bought 2 cell phones for my "other" business. So all of the costs were doubled.
I found the phone I liked, the Nokia 252, and the case and car adapter. But all of the
prices were different in the 3 different places I went to. Here’s a short breakdown;

Major cellular provider:
Phone:  $69.99
Case:  $24.99
Car adapter: $29.99
Radio Shack:
Phone:  $19.99
Case:  $29.99
Car adapter: $34.99
Local cellular provider:
Phone:  $49.99
Case:  $9.99
Car adapter: $24.99

All of the providers listed above used the same calling plans, so I bought the phones
from Radio Shack, and the 2 accessories from the local small business cellular provider.
Using this example, I could have spent $269.94 for both phones (worse case). Instead, it
cost me $109.94 for both phones. As Smokey Robinson says, "You better shop
around!"

And now, about the Nokia 252 cell phone.  This
is one of the nicer phones that I have owned.  It is a smaller analog phone,
measuring approximately 5.5 inches long, (not including the antenna), and 2 inches wide.
It is light weight, (6.2 oz), and fits into a pocket or purse easily.  (By the way,
if you are someone who reads Consumer Reports before you buy, this phone was one of the
top rated cell phones.)

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Antique Bronze Brushed Aluminum Blue Glass Hunter Green Midnight  Black Pewter Royal Blue Signal Glow Turbo Red Wood Grain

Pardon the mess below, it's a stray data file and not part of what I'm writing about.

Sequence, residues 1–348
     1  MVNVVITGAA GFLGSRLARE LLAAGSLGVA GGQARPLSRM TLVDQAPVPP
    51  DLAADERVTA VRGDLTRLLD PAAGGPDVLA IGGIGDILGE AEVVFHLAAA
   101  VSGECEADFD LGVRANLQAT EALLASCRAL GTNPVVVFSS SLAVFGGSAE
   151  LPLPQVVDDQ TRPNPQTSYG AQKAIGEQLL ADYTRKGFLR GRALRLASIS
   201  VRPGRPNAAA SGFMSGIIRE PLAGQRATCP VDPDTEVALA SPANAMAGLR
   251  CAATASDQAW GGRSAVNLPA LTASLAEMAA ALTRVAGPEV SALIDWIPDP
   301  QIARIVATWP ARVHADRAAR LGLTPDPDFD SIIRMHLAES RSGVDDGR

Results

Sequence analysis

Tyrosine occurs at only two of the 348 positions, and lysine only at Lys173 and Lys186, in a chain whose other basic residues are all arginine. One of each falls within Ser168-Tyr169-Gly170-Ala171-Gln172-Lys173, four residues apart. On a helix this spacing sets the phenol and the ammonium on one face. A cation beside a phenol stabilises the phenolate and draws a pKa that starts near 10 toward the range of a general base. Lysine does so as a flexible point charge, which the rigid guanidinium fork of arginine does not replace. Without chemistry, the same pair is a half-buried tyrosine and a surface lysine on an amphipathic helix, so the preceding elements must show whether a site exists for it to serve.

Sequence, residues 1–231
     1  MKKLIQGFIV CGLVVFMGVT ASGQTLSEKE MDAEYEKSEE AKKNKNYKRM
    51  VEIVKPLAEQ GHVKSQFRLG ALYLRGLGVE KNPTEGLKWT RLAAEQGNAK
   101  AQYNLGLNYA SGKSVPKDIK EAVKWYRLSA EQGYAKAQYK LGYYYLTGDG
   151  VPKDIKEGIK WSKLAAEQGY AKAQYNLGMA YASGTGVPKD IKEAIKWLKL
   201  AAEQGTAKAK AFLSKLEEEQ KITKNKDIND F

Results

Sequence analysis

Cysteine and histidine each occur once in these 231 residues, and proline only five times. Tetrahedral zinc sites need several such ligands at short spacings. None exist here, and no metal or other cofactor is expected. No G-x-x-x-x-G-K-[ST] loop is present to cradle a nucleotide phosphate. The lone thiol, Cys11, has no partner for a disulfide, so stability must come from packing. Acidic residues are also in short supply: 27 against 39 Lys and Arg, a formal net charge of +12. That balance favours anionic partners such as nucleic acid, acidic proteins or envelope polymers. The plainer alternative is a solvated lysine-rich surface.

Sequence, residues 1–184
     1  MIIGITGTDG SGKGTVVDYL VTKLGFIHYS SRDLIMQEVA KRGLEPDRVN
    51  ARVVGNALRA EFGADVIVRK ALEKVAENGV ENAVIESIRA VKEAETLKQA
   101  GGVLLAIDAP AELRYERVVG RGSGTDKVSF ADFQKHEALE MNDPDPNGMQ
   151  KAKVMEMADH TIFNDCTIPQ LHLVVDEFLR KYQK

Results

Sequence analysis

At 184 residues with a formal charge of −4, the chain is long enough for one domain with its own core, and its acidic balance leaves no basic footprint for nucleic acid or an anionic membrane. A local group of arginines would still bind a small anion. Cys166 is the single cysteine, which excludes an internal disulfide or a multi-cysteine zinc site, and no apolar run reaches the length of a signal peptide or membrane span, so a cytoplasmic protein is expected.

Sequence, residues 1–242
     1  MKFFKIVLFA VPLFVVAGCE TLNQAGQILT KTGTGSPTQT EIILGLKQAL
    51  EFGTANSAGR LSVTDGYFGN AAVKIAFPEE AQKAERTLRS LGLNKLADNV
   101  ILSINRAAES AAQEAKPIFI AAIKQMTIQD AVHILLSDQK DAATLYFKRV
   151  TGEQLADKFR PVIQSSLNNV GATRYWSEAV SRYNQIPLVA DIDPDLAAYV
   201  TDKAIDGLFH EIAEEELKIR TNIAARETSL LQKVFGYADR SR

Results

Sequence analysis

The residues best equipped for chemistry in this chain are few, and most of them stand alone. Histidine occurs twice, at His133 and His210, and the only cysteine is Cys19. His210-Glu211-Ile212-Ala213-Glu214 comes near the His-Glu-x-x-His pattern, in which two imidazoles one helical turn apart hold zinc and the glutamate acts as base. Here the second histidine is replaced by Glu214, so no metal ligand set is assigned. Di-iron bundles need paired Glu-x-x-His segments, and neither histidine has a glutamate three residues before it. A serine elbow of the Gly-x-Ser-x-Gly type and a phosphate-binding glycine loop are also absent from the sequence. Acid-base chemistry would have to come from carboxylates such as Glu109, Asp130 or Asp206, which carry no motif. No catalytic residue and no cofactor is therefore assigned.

nokia2.jpg (6755 bytes) width="200" height="245"/> The Nokia 252 comes in many colors, as shown above. But depending on where
you buy it, you will be restricted to what colors they have. My local Radio Shack had only
Wood Grain, Black, and Pewter to choose from. But most providers can get the color you
want if you ask, it just may take longer to get it. If you are someone who likes change,
there are other colored faceplates that you can buy separately, like purple, and you can
easily switch them. (Sorry, no camouflage!)

The actual size and weight of the cellular
phone is also something that you might want to consider before you purchase your phone.
The Nokia 252 is a nice compact phone. It easily fits in your pocket or purse. It is also
quite lightweight.

To the left you will see a picture of how it compares in size to a Palm III PDA.

"Talk time" and "standby time" refer to the amount of time you can use
the phone while talking to someone, and the amount of time the phone will operate while
you are not talking and are on standby. With the standard NiMH battery, the Nokia 252 has
2 hrs 45 min of talk time and 40 hours of standby time. The battery charger that is
standard with the unit is a 6-8 hour charger. If you want the Rapid Travel Charger
(ACP-9U) it costs extra.

Some of the options that the Nokia 252 phone has are: one-touch
dialing, a "Phone Book" data base that stores up to 75 names and numbers,
on-screen notification of roaming status, ability to use voice mail and caller ID(where
available), a backlit screen, silent or vibrate, and 6 different ring tunes. Speaking of
the ring tunes, they range from a standard phone ring, to classical music,(I believe it’s
Mozart). Just paging through them at work raised many an eyebrow!

alt="nokia6.jpg (4720 bytes)" width="241" height="189"/>
nokia4.jpg (4351 bytes) width="174" height="153"/> Names and numbers can be easily entered into the Phone Book via the on
screen menu. But be careful how you enter them. I used the instructions in the owners
manual, and was unable to get it to work properly. When I took the phone back to where I